Just out of curiosity, did it raise the ire of Affronted In Saffron Waldon, or any of the other people who write to Points Of View?

Y Viva Espana!


My Lovely Husband™ and I haven't had a proper holiday for years. In fact, last time was way back in 2002, when we spent 10 days in Australia which, in true Cath & Kim style, we divided between Surfers Paradise and Noosa. So, we're both very happy that on Saturday, we're heading off to Gatwick and thence to Gran Canaria.

I've been to Tenerife a couple of times, and would happily go again. Lovely Husband™ was initially in favour of that, mostly because it rates a mention from time to time on Coronation Street, of which he is a big fan. However, he later changed his tune and decided that Gran Canaria would be a better bet, so we're all booked up. We've done the "allocation on arrival" thing, so we don't know where we'll end up. I've done that before, and it has always worked out really well, probably because I'm just naturally lucky. And telling myself and others that I'm naturally lucky seems to help ensure that it remains the case. As a backup, however, we have also taken advantage of our Handy Useful Network of Gays (HUNG - dontcha luvvit?). We have a friend who works for the company we're travelling with, and he's put a note on our account to increase the chances that we'll be allocated to one of the more gay-friendly parts of the island.

Cheap holidays don't seem to me to be as cheap as they were before I went to live in NZ (towards the tail end of 2000), even allowing for inflation. The travel companies seem to have become much more cunning about how the things are priced. You have to pay extra for transfers to and from your destination airport, for inflight meals, for various other things that were previously all part of the package (hence the term "package holiday"). They want to see a certificate to prove that you have your own insurance if you say "no" to their travel insurance. It seems to be no longer the happy go lucky system described thus by Peter Kay: "Got it off Teletext. Saw it, booked it, fucked off."

In other news, I am working on a new magic effect that is really rather gross. Not one that I would show to everyone, but one that I'm sure anyone who reads this blog would find amusing. It involves worms and crabs, and I call it Infestation. Make of that what you will.

Tuesday, November 07, 2006

Cultural Learnings


Doubtless, many people will object to Borat: Cultural Learnings of America for Make Benefit Glorious Nation of Kazakhstan, not least the various official voices from Kazakhstan that have been raised in criticism over the last few weeks. We went on Friday (to the cinema, not to Kazakhstan) and watched it. And laughed a lot.

I think the Kazakh officials don't get the joke.

It isn't funny because Sacha Baron Cohen's character gives the impression that the country is full of sexist, racist, anti-Semitic homophobes. It's funny because most of the people he talks to are so profoundly ignorant of the rest of the world, and of other cultures, that they accept what he says and does at face value. We're not laughing at a bad parody of Kazakhstani life, we're laughing at people blindly and stupidly accepting that Borat provides an accurate representation of that country.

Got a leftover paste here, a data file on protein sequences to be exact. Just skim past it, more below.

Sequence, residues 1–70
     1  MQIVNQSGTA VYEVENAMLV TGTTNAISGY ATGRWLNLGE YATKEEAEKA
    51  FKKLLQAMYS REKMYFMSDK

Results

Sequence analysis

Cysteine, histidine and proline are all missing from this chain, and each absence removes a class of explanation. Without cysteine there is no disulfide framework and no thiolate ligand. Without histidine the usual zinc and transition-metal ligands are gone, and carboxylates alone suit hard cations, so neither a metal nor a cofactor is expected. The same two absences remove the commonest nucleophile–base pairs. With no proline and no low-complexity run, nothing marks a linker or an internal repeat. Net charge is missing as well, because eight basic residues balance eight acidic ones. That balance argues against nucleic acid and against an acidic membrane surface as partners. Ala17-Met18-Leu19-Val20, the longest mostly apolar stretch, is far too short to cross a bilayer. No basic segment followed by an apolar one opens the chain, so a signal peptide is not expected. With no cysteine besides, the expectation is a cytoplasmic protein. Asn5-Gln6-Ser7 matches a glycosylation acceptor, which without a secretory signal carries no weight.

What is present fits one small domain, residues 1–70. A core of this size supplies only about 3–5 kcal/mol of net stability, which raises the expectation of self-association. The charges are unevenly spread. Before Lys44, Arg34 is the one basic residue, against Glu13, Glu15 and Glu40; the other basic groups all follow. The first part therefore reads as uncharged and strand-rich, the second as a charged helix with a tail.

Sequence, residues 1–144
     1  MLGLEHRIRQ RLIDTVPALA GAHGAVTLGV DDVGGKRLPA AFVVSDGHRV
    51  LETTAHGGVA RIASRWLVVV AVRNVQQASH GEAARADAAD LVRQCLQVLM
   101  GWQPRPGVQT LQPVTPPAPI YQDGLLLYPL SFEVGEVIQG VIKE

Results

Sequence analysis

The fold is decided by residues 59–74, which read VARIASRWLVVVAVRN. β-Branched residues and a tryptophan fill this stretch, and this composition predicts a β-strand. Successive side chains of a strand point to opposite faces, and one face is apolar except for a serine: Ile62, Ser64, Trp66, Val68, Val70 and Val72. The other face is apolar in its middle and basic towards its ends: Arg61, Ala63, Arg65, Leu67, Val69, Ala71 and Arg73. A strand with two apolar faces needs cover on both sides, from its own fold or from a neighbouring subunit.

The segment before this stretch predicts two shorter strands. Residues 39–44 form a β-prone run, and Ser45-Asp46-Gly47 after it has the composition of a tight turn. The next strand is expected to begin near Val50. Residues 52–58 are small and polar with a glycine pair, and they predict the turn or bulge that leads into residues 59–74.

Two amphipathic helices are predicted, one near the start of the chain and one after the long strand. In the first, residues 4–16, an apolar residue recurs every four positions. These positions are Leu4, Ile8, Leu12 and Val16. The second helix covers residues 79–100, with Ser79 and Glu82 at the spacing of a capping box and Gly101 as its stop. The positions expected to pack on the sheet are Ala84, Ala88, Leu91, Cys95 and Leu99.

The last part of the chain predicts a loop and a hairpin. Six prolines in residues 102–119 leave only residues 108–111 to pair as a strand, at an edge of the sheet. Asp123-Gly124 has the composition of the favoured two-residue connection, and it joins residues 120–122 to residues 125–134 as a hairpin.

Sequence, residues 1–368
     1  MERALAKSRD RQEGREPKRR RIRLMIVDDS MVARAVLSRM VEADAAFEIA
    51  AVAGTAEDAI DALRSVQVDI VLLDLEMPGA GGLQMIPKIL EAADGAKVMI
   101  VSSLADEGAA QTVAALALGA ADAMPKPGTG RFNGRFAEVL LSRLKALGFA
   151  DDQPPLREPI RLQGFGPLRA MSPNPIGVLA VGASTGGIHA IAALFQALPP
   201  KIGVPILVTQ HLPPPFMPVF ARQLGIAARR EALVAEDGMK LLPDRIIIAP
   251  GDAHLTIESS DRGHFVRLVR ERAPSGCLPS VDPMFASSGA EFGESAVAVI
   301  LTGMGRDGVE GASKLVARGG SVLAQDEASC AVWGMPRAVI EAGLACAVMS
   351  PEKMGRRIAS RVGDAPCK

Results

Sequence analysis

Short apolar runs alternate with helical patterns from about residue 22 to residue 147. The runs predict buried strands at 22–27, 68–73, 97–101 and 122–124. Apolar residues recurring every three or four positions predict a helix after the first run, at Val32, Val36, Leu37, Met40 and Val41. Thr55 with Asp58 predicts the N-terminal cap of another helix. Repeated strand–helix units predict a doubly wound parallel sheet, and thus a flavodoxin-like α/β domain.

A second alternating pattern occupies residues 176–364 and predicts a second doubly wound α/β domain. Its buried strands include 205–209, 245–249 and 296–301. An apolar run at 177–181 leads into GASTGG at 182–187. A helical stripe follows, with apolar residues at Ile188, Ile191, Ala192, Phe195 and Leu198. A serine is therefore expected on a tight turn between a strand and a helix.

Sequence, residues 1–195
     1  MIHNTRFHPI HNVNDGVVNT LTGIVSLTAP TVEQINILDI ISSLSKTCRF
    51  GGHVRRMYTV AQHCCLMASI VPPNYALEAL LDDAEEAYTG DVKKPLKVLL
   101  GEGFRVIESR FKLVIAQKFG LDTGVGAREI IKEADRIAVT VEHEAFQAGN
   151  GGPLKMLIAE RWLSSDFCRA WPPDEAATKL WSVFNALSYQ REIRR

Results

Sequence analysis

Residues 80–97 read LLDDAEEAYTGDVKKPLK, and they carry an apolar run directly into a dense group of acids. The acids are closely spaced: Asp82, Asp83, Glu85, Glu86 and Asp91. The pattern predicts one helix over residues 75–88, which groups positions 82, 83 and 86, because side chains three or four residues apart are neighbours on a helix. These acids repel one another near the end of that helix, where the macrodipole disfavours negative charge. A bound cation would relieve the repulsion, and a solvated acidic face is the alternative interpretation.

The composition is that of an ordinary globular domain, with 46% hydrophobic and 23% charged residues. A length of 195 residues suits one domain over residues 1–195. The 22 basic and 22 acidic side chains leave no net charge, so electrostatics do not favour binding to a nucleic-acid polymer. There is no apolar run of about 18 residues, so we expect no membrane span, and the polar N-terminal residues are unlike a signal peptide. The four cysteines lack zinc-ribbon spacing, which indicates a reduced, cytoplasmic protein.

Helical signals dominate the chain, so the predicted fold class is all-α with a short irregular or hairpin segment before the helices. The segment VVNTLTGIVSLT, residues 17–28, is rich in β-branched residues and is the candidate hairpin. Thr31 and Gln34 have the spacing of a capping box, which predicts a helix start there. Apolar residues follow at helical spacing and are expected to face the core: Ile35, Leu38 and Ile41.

In places, the film is also chilling.

At one point, he was talking to one of the organisers of a rodeo. It was probably the most reactionary of his interviewees. Borat was rebuffed when he tried to kiss the interviewee on the cheeks, and the interviewee explained how "the only men who kissed other men in the US were men like this" (whereupon he did a fluttery-hand fairy thing).
When Borat explained that in Kazakhstan, such people were strung up by the neck, the interviewee laughed and said, "Well, that's what we're trying to do here." Frightening, but powerful. Oh, and when he said that, a women a couple of rows back from us applauded. My Lovely Husband™ turned around, glared at her, and told her to shut up.

Borat succeeds in encouraging the holders of the most vile opinions to express their prejudices in their most extreme form, and in a way which shows them up in the worst possible light. People laughed not because they agreed (with the possible exception of the clapping idiot), but because these vile opinions had been successfully held up to ridicule.

When he then went on to sing the national anthem of Kazakhstan to the tune of the US national anthem in front of the rodeo crowd, you had to hand it to him - he really took his life in his hands to make that movie.

Wednesday, November 01, 2006

Sparks will fly


I love fireworks. My Lovely Husband™ loves them even more. I don't know what happened for Guy Fawkes Night the first year that we were together, but for some reason, it didn't come up. However, the second year, it did. And then we realised that we were as bad as each other. We spent a fortune on the things. (I mean well over $100 each.)

Given its relative proximity to China, fireworks in NZ are imported in huge quantities and at very low prices. They can only be sold for a few days before the 5th of November. The rest of the year, you can't buy them. Also, some years ago, a ban was introduced on rockets. Something to do with bush fires, I think. November in NZ can be reasonably warm and dry, and rockets aren't nearly as "safe" as they are in the UK, which is pretty reliably cold and often wet at that time of year.

Last year, my Lovely Husband™ missed out on Guy Fawkes Night here, because he was still in the process of sorting out his visa. So this year, we've bought some rockets. Oh, how his little eyes shone when he saw them in the shops! And tonight, I splashed out on one extra large rocket just for him. I took a picture of it, intending to spice up this entry with it, but Blogger isn't playing ball with me.

Thing is, for some time now, I've been harbouring doubts. I love fireworks. But they are so bad in just about every way:
  • They put lots of nasty chemicals into the environment.
  • Expended rocket shells interfere with wildlife. Or children.
  • Modern rocket shells are made from non-biodegradable plastics.
  • They are freely available to would-be terrorists looking for a supply of explosives.
  • A lot of them are made in sweat shops. Probably.
I've lived in London long enough to have been here when Guy Fawkes Night fell on a Saturday. The stench the next day was amazingly bad. I felt like I was in one of those 70s public awareness cartoons about smog, where the big smog monster attacks peoples washing lines.

What we are supposed to do is go to a public display. Obviously, this isn't nearly as much fun, since you don't get to light the things yourself, and that's the big thrill. And even if everyone went to such displays, we'd still be putting a whole load of toxic junk into the atmosphere for no good reason, and at ridiculous cost.

It's the kind of thing that the amazing Mrs. Pritchard would get rid of, if she were in charge.